German politician dies after struck by lightning while taking reported bathroom break

A local politician in Germany died after he was struck by lightning Saturday while taking a bathroom break as a severe storm slammed the region.

The incident happened around 9:20 p.m. at a garden party in the village of Höhnstedt, about 120 miles southwest of Berlin.

"To our knowledge, this has been the worst incident of the storm so far," police spokesman Ralf Karlstedt told local newspaper Mitteldeutsche Zeitung.

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The politician, identified by local news outlets as 44-year-old Nico K., belonged to the Christian Democratic Union of Germany party.

He was a member of the local council and wanted to move into the district council, according to Bild.

A 44-year-old Germany politician was killed in a lightning strike over the weekend.

A 44-year-old Germany politician was killed in a lightning strike over the weekend. (iStock)

The 44-year-old was at the party when he took a bathroom break under the pylons of a high-voltage line. According to Mitteldeutsche Zeitung, that's when he was struck by lightning.

Onlookers tried to revive him, but the 44-year-old died before first responders arrived at the scene. No other injuries were reported in the lightning strike.

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Bild reported that the pylon carrying the high-voltage lien was made from wood and not easily distinguishable from trees, especially at night when the incident took place.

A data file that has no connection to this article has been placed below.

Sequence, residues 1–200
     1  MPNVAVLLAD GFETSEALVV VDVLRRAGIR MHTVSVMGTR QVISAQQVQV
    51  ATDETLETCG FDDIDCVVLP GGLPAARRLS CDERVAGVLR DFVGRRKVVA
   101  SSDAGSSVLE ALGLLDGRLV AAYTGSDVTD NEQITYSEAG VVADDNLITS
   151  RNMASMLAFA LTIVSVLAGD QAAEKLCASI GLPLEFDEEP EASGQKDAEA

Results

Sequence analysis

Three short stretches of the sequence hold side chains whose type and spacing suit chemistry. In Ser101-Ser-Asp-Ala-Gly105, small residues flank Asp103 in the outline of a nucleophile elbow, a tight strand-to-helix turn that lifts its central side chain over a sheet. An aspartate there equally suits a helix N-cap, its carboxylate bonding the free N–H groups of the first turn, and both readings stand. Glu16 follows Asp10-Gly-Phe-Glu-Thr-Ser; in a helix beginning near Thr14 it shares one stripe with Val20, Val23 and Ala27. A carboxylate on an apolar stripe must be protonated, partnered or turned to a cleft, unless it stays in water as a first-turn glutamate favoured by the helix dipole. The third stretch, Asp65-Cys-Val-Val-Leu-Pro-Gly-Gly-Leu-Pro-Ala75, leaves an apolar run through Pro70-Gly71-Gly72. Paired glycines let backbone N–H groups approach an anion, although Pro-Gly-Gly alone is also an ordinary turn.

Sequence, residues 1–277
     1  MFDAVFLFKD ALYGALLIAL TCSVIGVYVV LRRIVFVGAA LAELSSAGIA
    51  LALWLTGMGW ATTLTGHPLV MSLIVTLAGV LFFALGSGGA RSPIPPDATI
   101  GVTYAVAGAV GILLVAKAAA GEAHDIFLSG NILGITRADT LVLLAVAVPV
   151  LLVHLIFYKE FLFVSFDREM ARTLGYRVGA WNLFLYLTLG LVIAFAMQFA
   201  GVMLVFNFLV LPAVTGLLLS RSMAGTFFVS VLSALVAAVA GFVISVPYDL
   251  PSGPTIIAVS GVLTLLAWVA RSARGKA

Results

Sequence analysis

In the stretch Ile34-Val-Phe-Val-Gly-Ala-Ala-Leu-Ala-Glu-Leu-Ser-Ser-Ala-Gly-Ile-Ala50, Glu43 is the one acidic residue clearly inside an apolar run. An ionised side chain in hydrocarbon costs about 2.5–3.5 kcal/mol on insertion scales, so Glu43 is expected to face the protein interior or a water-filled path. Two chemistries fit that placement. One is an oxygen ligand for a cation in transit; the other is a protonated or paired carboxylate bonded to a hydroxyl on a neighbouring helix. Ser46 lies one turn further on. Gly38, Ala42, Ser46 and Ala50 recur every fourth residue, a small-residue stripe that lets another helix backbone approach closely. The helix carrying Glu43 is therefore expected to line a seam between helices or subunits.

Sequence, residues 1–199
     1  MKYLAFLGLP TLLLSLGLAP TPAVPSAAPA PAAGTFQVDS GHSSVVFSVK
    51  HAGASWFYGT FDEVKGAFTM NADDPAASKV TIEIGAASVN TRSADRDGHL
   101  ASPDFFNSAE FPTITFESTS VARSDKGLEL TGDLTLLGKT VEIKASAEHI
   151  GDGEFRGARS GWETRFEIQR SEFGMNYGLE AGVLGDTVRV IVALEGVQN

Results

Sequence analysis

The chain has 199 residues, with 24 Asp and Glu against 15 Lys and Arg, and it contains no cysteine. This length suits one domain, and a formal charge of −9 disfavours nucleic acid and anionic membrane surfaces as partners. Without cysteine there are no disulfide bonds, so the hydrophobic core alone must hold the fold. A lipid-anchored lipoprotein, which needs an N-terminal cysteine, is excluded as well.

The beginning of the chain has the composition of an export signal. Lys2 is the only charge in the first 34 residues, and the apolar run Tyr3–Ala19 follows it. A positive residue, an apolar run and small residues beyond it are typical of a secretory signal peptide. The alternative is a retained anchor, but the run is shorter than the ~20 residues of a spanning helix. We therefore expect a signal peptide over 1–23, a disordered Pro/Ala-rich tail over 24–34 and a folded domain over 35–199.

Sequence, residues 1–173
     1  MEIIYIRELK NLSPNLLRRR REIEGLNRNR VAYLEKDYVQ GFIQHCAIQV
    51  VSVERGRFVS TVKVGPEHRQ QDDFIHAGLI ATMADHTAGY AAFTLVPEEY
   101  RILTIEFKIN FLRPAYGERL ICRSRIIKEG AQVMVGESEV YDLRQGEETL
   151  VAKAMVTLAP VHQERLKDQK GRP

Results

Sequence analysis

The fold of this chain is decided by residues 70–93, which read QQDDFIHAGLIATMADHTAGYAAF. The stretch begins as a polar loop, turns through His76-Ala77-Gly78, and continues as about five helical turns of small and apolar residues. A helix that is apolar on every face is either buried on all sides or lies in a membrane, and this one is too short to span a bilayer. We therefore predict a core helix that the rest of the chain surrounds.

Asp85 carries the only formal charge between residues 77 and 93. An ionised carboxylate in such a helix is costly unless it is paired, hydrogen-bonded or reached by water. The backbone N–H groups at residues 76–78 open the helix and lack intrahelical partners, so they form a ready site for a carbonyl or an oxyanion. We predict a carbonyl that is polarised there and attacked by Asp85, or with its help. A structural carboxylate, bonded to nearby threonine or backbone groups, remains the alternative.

Cars drive in heavy rain on the partially flooded Autobahn in Wieselrieth, Germany, June 14. Heavy storms over the weekend caused numerous floods in the district of Neustadt an der Waldnaab.

Cars drive in heavy rain on the partially flooded Autobahn in Wieselrieth, Germany, June 14. Heavy storms over the weekend caused numerous floods in the district of Neustadt an der Waldnaab. (Bernd Maerz/dpa via AP)

Violent storms were reported across eastern Germany on Saturday, where about 350,000 lightning strikes were detected.

Many places reported record rainfall, and lightning was blamed for sparking at least one fire, according to MDR Sachsen-Anhalt.

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Lightning typically strikes tall objects such as trees and skyscrapers because their tops are closer to the base of the storm cloud, according to the National Severe Storms Laboratory.

"However, this does not always mean tall objects will be struck. It all depends on where the charges accumulate," according to the agency. "Lightning can strike the ground in an open field even if the tree line is close by."

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Lightning, known as a "bolt from the blue," also can strike from as far away as 25 miles from a thunderstorm cloud, even when there appear to be clear skies, according to the NSSL.

"They can be especially dangerous because they appear to come from clear blue sky," the agency states.